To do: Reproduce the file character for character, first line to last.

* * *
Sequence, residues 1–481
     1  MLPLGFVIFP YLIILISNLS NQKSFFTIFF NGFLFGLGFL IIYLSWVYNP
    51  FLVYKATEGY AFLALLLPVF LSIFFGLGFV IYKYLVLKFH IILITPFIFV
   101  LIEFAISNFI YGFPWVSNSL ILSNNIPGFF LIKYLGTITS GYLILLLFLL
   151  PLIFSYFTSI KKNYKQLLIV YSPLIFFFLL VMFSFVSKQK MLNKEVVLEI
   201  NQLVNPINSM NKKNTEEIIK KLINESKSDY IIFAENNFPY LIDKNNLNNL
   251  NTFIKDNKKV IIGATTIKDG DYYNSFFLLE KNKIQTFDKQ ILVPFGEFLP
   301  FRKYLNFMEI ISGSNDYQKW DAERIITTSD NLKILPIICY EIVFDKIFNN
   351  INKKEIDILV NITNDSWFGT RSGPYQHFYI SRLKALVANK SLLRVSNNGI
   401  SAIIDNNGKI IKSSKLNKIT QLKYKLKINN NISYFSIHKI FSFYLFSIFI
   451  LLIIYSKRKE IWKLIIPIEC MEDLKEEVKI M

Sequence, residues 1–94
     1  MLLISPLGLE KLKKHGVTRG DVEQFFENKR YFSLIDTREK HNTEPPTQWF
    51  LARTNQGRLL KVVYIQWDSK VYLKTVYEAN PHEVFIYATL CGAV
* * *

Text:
Sequence, residues 1–481
     1  MLPLGFVIFP YLIILISNLS NQKSFFTIFF NGFLFGLGFL IIYLSWVYNP
    51  FLVYKATEGY AFLALLLPVF LSIFFGLGFV IYKYLVLKFH IILITPFIFV
   101  LIEFAISNFI YGFPWVSNSL ILSNNIPGFF LIKYLGTITS GYLILLLFLL
   151  PLIFSYFTSI KKNYKQLLIV YSPLIFFFLL VMFSFVSKQK MLNKEVVLEI
   201  NQLVNPINSM NKKNTEEIIK KLINESKSDY IIFAENNFPY LIDKNNLNNL
   251  NTFIKDNKKV IIGATTIKDG DYYNSFFLLE KNKIQTFDKQ ILVPFGEFLP
   301  FRKYLNFMEI ISGSNDYQKW DAERIITTSD NLKILPIICY EIVFDKIFNN
   351  INKKEIDILV NITNDSWFGT RSGPYQHFYI SRLKALVANK SLLRVSNNGI
   401  SAIIDNNGKI IKSSKLNKIT QLKYKLKINN NISYFSIHKI FSFYLFSIFI
   451  LLIIYSKRKE IWKLIIPIEC MEDLKEEVKI M

Sequence, residues 1–94
     1  MLLISPLGLE KLKKHGVTRG DVEQFFENKR YFSLIDTREK HNTEPPTQWF
    51  LARTNQGRLL KVVYIQWDSK VYLKTVYEAN PHEVFIYATL CGAV